In mathematics, the reciprocal or multiplicative inverse of a number, $n$, is ${n}^{1}equals;\frac{1}{n}$, because this satisfies the multiplicative identity: $n\cdot {n}^{1}equals;\frac{n}{n}equals;1$. For a rational number $\frac{a}{b}$, the reciprocal is given by $\frac{b}{a}$.
Following this definition, for a function $f\left(x\right)$, the reciprocal function is $yequals;\frac{1}{f\left(x\right)}$. If $f\left(x\right)$ is a rational function of the form $f\left(x\right)equals;\frac{h\left(x\right)}{g\left(x\right)}$, its reciprocal function will be $yequals;\frac{g\left(x\right)}{h\left(x\right)}$.

Interesting Properties of Reciprocal Functions


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The reciprocal function has vertical asymptotes wherever the original function has xintercepts, and xintercepts wherever the original function has vertical asymptotes. If ${x}_{0}$ is an isolated root of the original function, that is, if $f\left({x}_{0}\right)equals;0$ and $f\left(x\right)\ne 0$ for other values of x near ${x}_{0}$, then the reciprocal function will approach ± infinity at these points, creating vertical asymptotes. Conversely, if a vertical asymptote occurs in the original function at ${x}_{0}$, that is, its value approaches ± infinity as x approaches a given value ${x}_{0}$, then the reciprocal function will have a root at ${x}_{0}$.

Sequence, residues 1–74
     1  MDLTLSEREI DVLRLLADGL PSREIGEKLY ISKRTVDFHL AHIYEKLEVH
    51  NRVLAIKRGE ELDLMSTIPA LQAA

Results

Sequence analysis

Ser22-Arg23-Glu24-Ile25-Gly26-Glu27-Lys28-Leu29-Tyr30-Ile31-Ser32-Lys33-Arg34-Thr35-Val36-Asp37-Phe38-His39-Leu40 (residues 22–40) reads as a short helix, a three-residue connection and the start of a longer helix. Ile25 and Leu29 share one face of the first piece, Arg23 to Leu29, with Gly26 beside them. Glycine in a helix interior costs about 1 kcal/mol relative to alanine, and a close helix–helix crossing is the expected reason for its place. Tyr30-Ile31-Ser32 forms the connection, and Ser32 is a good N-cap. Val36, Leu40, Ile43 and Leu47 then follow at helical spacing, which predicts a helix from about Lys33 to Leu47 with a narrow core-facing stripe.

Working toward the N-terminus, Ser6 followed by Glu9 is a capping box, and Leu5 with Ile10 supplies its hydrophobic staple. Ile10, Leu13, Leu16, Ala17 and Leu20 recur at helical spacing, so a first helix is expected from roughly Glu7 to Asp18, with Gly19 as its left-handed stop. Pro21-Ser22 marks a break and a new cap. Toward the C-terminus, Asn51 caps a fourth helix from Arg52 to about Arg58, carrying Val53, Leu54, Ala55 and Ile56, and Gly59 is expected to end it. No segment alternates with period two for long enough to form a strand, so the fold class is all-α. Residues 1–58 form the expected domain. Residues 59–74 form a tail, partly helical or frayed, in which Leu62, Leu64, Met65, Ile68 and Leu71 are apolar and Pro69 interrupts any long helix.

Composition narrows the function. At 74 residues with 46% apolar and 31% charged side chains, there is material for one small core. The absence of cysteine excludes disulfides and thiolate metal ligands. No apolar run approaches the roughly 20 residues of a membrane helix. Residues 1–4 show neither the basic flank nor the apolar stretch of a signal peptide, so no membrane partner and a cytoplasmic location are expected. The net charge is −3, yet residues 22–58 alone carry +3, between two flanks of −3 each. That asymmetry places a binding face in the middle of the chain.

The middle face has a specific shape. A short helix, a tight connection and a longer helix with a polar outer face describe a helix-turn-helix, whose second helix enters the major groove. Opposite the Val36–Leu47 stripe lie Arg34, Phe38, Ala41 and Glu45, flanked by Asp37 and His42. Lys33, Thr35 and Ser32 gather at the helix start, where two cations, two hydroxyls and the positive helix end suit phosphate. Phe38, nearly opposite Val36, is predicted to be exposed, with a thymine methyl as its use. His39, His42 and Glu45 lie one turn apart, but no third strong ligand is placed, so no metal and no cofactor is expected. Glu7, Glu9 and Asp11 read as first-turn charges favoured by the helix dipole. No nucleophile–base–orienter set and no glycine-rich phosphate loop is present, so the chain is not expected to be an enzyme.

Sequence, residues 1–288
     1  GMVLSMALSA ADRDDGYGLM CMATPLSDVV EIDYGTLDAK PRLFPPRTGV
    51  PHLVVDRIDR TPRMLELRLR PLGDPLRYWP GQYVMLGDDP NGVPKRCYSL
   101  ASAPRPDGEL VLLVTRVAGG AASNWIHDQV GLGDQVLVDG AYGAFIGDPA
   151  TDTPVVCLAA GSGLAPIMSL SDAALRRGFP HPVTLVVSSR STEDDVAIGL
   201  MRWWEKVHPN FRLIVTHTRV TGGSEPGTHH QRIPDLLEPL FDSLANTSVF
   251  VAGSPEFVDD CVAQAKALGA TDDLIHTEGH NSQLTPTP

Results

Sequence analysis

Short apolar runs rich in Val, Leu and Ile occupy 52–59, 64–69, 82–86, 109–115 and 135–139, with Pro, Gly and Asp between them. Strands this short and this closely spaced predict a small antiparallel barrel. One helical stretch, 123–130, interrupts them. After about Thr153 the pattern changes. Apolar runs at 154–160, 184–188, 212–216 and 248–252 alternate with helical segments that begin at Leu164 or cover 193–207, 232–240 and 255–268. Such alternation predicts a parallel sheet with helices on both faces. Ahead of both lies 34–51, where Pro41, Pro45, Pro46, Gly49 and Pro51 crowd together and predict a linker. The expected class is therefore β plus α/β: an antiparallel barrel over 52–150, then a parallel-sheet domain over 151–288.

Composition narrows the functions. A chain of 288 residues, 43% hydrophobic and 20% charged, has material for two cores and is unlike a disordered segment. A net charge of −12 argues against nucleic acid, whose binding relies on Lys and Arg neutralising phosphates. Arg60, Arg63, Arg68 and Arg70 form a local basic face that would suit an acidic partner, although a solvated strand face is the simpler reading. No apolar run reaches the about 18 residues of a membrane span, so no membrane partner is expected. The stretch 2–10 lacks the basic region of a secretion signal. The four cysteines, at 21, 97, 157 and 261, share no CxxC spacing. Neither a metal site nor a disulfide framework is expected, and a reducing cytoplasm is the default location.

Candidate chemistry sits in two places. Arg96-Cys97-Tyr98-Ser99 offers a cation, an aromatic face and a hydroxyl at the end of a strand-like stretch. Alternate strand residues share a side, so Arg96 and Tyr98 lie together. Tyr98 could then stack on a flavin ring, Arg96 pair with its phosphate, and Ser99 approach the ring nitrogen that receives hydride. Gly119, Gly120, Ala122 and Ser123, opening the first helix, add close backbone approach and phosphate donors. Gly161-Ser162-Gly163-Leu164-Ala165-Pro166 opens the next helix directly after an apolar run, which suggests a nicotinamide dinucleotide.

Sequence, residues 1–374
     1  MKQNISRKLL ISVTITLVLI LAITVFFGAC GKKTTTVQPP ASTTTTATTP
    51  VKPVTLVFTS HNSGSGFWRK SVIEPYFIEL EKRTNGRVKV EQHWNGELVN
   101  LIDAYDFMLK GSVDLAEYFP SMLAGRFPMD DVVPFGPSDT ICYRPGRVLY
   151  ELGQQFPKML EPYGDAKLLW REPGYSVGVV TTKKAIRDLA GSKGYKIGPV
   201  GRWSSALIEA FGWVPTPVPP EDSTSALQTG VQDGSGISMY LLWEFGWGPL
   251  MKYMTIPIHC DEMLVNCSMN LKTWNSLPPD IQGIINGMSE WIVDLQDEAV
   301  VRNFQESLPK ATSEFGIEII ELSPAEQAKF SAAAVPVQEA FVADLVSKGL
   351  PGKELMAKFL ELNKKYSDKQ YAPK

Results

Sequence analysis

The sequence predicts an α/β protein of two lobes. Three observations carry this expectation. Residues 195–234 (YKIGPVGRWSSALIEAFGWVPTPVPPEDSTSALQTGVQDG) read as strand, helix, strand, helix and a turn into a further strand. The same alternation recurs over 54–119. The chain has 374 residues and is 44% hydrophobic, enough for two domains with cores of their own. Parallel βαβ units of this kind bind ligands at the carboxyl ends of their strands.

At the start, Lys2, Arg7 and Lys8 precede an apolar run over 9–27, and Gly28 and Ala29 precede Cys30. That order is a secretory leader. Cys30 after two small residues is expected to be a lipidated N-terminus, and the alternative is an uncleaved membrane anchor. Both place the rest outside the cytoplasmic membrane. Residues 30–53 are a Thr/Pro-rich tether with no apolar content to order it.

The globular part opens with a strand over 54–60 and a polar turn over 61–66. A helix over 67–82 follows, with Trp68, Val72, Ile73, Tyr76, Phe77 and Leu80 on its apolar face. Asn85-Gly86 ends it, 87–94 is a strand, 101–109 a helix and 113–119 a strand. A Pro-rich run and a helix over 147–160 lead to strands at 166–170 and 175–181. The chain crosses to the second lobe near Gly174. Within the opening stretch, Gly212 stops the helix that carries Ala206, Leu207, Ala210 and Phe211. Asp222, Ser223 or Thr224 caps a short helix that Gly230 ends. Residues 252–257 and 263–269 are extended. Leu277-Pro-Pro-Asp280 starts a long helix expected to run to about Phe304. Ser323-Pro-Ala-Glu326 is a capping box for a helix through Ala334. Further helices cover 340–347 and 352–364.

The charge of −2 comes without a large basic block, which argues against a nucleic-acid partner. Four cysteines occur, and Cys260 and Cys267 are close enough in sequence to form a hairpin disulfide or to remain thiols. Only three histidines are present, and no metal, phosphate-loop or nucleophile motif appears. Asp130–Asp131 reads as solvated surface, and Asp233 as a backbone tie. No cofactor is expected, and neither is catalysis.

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Intervals, in which the original function is increasing, correspond with intervals in which the reciprocal function is decreasing. Meanwhile, intervals in which the original function is decreasing, correspond with intervals in which the reciprocal function is increasing. This occurs because as $f\left(x\right)$ increases, $yequals;\frac{1}{f\left(x\right)}$ must decrease. Similarly, as $f\left(x\right)$ decreases, $yequals;\frac{1}{f\left(x\right)}$ must increase.

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The original and reciprocal functions will intersect at the points where $f\left(x\right)equals;1$ and $f\left(x\right)equals;1$. This occurs because the reciprocal function will have the same value as the original, since $yequals;\frac{1}{1}equals;1$ and $yequals;\frac{1}{1}equals;1$.